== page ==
The fundamental reality of sin is division. In his encyclical on hope, Pope Benedict XVI writes:

[S]in is understood by the Fathers as the destruction of the unity of the human race, as fragmentation and division. Babel, the place where languages were confused, the place of separation, is seen to be an expression of what sin fundamentally is. Hence “redemption” appears as the reestablishment of unity…

Spe Salvi, no. 14

This division is seen in the very first question of Jesus’ disciples in this week’s Gospel, about the man born blind: Who sinned? The entire passage is not an answer to that misguided question, but instead a redirection. As He did last week for the estranged Samaritan woman at the well, Jesus reaches out to heal the division – in this case, by overcoming the real source of the human separation, the man’s blindness. In response, the Pharisees (in a sense) become blind. They stubbornly refuse to see what has happened, instead preferring their pre-set narrative of the way the world is divided up. They exercise what they think is right judgment, but effect is that they become the ones subject to Jesus’ judgment, expressed in the foreboding words at the end of the Gospel, “But now you are saying ‘We see,’ so your sin remains.” They remain in the world of division.

Those who say “we see” have a pre-set narrative of the world, and when events happen, they stubbornly try to fit them into their own narrative. This is especially true in terms of right and wrong, sinners and non-sinners, and thus they exercise harsh judgment on others. The story – again, like the Samaritan woman struggling with her own life story and with some story about competing temples for worship – intends to show us Jesus as the one who upends these stories. But in favor of what? Does the narrative of Christ as the light simply become yet another pre-set narrative, another source of division? Does it just set up a different world divided up between the children of light and the children of darkness? Put another way, what is the positive alternative to human division? Is it the idea that there are no real sides?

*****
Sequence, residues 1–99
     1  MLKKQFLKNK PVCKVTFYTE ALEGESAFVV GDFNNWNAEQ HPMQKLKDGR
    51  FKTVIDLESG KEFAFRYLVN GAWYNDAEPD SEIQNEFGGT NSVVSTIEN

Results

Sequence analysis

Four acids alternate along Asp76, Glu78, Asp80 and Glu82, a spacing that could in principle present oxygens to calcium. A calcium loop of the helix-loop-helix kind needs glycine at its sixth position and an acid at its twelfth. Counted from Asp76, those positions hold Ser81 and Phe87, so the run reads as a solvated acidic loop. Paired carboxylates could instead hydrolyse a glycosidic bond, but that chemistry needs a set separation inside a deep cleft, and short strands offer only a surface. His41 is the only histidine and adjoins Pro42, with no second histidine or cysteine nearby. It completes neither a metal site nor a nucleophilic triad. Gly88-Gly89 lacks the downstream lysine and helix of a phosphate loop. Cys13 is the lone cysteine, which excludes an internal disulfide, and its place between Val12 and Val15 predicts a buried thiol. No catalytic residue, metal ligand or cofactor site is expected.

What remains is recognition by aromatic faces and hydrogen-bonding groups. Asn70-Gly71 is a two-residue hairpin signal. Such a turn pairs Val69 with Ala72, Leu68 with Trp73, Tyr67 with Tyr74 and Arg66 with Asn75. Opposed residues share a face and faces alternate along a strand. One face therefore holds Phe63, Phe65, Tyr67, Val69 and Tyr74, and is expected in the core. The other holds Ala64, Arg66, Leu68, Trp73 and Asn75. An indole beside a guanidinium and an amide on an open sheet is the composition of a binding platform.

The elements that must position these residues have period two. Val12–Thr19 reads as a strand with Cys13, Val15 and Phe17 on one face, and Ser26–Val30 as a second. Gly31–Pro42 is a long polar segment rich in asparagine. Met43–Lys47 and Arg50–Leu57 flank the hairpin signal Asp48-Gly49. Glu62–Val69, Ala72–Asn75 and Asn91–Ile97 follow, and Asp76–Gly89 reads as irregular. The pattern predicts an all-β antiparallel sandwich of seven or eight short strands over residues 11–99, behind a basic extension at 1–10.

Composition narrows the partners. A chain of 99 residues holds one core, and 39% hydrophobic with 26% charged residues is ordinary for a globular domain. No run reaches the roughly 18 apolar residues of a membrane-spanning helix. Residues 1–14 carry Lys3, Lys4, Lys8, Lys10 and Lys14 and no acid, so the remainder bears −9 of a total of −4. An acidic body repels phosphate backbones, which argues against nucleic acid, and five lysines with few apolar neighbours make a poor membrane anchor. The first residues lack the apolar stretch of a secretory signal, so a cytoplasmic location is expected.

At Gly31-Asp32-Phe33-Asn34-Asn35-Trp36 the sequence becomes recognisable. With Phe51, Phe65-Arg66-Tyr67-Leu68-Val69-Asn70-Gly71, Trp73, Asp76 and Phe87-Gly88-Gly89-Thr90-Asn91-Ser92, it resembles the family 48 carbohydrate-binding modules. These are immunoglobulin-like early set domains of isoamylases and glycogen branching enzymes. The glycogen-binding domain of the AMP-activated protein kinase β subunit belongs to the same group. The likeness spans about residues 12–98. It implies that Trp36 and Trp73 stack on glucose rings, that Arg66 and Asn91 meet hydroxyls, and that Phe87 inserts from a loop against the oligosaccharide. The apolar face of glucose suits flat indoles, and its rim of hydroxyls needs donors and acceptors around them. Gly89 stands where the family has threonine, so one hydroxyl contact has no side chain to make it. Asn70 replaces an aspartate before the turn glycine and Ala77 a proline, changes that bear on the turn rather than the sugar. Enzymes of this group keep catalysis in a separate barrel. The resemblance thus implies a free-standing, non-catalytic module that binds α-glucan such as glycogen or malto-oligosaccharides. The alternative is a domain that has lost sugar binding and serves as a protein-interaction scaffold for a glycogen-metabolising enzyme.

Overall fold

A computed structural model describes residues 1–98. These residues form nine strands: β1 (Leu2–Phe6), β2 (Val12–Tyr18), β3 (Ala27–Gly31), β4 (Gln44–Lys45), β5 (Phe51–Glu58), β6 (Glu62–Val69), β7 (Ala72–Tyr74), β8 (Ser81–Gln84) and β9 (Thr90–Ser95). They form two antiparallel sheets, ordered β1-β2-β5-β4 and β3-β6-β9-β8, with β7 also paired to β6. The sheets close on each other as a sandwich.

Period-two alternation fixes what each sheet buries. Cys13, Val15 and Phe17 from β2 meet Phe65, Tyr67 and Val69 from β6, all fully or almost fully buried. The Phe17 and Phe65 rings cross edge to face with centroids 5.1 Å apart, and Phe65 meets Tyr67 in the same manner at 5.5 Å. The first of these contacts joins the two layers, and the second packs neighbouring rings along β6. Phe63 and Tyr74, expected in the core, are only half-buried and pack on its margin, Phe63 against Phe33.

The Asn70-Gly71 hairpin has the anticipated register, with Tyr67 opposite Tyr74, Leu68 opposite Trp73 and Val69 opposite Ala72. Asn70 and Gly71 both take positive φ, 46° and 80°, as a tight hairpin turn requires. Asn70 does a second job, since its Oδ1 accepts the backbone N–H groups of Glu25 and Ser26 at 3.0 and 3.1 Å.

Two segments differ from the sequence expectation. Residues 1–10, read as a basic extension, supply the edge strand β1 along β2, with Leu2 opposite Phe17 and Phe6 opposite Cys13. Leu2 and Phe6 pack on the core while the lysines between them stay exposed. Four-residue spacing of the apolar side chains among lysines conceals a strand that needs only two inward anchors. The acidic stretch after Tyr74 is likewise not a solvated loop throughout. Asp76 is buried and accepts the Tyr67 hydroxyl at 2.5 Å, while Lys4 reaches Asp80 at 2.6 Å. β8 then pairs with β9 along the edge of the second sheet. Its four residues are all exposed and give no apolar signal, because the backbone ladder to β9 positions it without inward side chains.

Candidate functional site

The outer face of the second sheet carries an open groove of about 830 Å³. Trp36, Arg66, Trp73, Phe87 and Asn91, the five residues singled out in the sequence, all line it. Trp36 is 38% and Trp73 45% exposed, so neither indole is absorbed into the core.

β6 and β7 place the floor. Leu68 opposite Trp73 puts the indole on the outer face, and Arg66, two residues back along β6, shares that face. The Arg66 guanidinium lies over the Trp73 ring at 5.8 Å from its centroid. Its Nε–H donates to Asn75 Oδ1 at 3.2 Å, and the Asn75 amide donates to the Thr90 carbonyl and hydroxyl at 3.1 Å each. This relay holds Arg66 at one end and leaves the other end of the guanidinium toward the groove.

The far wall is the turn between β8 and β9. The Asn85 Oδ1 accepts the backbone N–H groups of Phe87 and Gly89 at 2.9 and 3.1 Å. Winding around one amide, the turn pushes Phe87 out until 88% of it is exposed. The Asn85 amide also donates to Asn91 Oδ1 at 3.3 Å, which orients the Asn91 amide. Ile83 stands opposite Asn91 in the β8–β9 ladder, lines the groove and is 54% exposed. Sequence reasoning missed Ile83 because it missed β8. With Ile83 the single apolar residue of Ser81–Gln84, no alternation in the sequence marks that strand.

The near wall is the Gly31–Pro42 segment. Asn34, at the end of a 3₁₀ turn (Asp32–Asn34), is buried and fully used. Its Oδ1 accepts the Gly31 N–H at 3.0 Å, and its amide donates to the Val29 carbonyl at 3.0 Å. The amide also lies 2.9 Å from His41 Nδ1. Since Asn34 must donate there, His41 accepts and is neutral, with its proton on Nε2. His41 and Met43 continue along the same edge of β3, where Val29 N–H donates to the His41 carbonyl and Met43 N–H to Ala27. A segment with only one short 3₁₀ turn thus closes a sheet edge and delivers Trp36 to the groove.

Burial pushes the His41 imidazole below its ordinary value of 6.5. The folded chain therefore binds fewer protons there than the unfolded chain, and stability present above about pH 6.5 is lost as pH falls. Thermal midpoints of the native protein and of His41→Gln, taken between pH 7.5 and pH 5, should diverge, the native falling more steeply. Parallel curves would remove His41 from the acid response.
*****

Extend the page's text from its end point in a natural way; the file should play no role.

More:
In this strange time, we might glean two key lessons. One is that the characters (the Samaritan woman, the man born blind) are not themselves saints. But they are open. They are simply able to receive reality in ways that the Pharisees can’t. We see the man born blind very gradually in these readings come to recognize who Jesus is. He doesn’t do so immediately. But he persists, and he eventually comes to see – and his persistence is a matter of being open to revision. Being open to what is happening. Being able to rethink things as unexpected events occur. Pope Francis’s basic call to be “missionary disciples” is a call to exactly that openness: to go into the world not simply with a pre-set narrative, but with openness to the activity of God in all people.

And right now, we are all living that lesson of needing to be open, as we revise (daily? hourly?) our expectations about what to do. We are all doing that right now. Indeed, I suspect there will never be another time in our collective lives where we have to question what we thought was possible yesterday, and revise it in light of a new reality. It is disorienting and hard – and absolutely necessary. Those with pre-set narratives, ones that are unable to open up to the full reality, are the ones for whom “sin remains.”

Of course, this doesn’t mean there is no true story. The second lesson is, as Pope Benedict notes, in the end, yes, there are no sides for humanity. We are all in this together. The human race is a unity. We are being forced to recognize this in strange, weird ways, as each individual life has to change in response to a need that is collective, in which we are all subject to the same sort of “fight.” Sin is the resistance to recognizing this ultimate solidarity, this original and final will of God.

Ironically, we are practicing this solidarity through a time of separation (although we also do need to be attentive to the basic works of mercy and service to others more than ever!). Perhaps this separation will help us see more vividly how much our humanity thrives on connection. But let us also see that, all too often in our lives and our society, that connection rests on division, on an us-against-them story. We are often blind to this. Perhaps now our eyes can be opened to it.

Or else, our sin remains.